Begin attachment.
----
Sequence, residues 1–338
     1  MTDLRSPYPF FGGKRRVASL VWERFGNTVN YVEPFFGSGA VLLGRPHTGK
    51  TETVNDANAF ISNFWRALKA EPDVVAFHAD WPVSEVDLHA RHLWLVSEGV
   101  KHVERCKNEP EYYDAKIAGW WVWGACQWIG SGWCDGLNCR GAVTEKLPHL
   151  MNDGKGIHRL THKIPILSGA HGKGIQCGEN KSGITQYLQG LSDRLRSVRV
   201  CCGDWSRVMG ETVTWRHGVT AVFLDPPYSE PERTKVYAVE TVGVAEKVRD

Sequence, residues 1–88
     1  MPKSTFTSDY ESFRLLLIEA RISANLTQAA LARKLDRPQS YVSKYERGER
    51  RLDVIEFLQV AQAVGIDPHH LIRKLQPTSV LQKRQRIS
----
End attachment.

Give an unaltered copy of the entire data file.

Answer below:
Sequence, residues 1–338
     1  MTDLRSPYPF FGGKRRVASL VWERFGNTVN YVEPFFGSGA VLLGRPHTGK
    51  TETVNDANAF ISNFWRALKA EPDVVAFHAD WPVSEVDLHA RHLWLVSEGV
   101  KHVERCKNEP EYYDAKIAGW WVWGACQWIG SGWCDGLNCR GAVTEKLPHL
   151  MNDGKGIHRL THKIPILSGA HGKGIQCGEN KSGITQYLQG LSDRLRSVRV
   201  CCGDWSRVMG ETVTWRHGVT AVFLDPPYSE PERTKVYAVE TVGVAEKVRD

Sequence, residues 1–88
     1  MPKSTFTSDY ESFRLLLIEA RISANLTQAA LARKLDRPQS YVSKYERGER
    51  RLDVIEFLQV AQAVGIDPHH LIRKLQPTSV LQKRQRIS